This week: conversations with Gary Hart, Martha Minow, and Masha Gessen about presidential emergency powers and potential for dictatorship. Listen today at 2 pm, or anytime at our website.

When presidents declare a national emergency, they’re also given exceptional authority that can, if a president chooses, facilitate tyrannical abuse or the pursuit of some personal ambition way beyond the public’s well-being. President Trump has declared seven national emergencies so far. On July 23rd, Gary Hart, former U.S. senator from Colorado, sounded an alarm in the New York Times about such power that might spell doom for the republic. “We have recently come to learn,” Hart wrote, “of at least a hundred documents authorizing extraordinary presidential powers in the case of a national emergency.”

On this week’s show, Gary Hart joined us to elaborate on the danger of these extraordinary powers:

They were first concocted during the Cold War, in the Eisenhower years, under the remote possibility that we might be subject to a nuclear attack. And the question was, who governs America, and under what conditions? So proclamations and executive orders and instantaneously passed legislation set up a situation that is virtually a blueprint for dictatorship. And those powers have been expanded in every administration since then.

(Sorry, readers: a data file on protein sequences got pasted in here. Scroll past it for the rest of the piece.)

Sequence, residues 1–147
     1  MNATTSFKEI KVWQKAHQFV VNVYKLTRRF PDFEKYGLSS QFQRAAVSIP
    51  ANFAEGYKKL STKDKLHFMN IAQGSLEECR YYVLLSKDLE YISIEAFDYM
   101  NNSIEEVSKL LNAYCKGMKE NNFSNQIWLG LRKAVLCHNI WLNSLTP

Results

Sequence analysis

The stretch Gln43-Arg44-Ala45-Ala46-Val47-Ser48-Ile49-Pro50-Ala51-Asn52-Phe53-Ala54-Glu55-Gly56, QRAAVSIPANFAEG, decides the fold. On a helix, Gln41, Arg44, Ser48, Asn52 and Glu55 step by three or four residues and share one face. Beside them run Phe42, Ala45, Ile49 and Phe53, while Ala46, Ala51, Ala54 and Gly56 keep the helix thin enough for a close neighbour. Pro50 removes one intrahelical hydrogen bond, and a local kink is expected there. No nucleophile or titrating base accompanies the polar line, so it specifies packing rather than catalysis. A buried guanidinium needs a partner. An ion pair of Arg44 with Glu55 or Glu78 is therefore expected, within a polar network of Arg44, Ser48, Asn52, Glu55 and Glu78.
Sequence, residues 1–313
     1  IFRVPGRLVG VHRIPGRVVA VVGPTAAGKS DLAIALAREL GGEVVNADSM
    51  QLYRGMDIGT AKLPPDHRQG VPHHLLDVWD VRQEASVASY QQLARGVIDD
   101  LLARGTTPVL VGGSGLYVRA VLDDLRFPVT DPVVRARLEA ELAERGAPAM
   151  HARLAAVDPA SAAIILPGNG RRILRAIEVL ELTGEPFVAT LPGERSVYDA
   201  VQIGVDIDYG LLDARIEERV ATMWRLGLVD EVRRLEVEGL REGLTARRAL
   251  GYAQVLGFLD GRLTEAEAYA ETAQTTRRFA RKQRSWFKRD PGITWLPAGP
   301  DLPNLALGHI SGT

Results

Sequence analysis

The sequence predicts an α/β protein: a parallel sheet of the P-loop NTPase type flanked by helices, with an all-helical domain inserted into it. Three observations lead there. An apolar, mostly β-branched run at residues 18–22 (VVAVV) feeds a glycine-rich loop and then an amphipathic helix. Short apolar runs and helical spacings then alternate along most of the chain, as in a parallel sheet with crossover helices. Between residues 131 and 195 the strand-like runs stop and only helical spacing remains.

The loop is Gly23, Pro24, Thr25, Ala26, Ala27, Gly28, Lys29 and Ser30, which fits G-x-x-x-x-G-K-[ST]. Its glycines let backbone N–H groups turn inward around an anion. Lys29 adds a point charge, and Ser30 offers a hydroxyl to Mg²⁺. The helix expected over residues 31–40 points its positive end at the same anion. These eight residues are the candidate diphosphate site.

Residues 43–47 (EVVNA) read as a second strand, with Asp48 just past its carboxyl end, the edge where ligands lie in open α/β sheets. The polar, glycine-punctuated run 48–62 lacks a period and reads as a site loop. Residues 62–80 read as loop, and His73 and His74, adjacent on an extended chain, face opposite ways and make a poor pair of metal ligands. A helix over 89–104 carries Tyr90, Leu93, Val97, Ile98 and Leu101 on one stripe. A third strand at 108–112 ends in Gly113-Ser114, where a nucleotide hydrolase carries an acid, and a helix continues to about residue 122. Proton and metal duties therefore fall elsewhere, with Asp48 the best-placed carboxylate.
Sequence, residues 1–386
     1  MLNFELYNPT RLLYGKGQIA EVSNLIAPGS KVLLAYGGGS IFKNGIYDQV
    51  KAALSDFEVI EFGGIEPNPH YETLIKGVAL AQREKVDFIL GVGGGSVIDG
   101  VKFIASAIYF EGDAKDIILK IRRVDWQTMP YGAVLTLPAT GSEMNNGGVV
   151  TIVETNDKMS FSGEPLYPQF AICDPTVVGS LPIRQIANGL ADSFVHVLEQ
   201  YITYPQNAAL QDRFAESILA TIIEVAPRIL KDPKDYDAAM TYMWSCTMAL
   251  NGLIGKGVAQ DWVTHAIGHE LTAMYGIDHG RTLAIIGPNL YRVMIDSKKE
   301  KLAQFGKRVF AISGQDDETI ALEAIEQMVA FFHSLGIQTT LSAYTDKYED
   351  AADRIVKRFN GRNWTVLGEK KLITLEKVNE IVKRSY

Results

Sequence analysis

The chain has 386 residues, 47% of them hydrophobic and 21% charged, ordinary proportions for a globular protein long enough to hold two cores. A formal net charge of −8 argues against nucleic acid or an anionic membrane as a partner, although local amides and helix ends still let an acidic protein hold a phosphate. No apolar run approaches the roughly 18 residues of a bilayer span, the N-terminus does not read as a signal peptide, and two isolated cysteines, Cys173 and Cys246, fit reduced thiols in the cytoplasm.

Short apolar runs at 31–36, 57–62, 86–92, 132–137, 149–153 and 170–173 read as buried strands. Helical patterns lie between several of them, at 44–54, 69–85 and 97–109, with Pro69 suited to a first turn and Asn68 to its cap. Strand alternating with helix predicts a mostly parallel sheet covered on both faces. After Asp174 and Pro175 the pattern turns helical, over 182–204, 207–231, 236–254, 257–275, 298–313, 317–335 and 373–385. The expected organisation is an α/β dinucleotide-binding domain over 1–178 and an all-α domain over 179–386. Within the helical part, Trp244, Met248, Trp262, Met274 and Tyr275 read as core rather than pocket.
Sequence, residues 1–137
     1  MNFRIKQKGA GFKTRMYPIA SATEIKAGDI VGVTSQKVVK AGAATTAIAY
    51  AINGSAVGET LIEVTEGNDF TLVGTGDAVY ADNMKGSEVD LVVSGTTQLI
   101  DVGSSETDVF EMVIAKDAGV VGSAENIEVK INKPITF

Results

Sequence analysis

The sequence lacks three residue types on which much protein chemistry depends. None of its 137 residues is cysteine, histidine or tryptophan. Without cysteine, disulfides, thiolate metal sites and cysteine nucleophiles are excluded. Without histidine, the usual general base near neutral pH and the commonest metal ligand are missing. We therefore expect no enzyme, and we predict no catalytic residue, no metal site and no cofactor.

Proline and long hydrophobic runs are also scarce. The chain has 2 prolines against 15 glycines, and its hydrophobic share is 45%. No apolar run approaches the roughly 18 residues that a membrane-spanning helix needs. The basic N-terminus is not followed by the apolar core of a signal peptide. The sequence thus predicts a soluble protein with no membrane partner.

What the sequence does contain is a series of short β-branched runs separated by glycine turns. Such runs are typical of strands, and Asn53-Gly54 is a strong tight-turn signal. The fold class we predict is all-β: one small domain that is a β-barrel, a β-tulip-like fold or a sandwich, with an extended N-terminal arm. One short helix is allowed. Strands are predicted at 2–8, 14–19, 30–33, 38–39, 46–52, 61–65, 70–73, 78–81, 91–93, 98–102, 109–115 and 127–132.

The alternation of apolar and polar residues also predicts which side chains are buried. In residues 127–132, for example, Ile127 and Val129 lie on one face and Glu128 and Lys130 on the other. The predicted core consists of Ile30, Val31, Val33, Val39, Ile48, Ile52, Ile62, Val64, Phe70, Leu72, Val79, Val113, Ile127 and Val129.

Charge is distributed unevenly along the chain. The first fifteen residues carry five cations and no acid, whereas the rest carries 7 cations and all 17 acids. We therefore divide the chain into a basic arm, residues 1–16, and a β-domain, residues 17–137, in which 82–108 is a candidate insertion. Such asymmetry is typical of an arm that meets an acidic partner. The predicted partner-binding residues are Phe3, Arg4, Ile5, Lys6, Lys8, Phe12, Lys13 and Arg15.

These powers make it remarkably easy for a president to pursue fulfillment of strongman wishes. Hart tells us:

All the president has to do is declare a national emergency. This president has declared seven national emergencies. But the secret powers provide that if a president declares a national emergency, all these powers are available; now based upon research done by the Brennan Center for Justice at New York University Law School, these include: suspension of habeas corpus, a centerpiece of all democracy; searches and seizures without a judicial warrant, as required by the Fourth Amendment; mass arrests for no declared reason (and we began to see that in Portland); and declaration of martial law unilaterally. So it’s virtually a suspension of the Constitution.

Gary Hart set the tone for an hour of conversations about the dangers exceptional executive powers pose to all other institutions. Living in a republic, as Hart tells us, requires continual participation, continual efforts by citizens to maintain and improve institutions.

Martha Minow, professor at Harvard Law School, spoke further about those institutions, and about just how far reliance on the Constitution will get us:

The Constitution creates a set of complicated structures that allow ambitious people to pursue good in their own minds and then counterbalance one another. Ambition should counteract ambition, was James Madison’s conception. And that’s the separation of powers in the federal government. And that’s the federalism, the relationship between the national government and the states.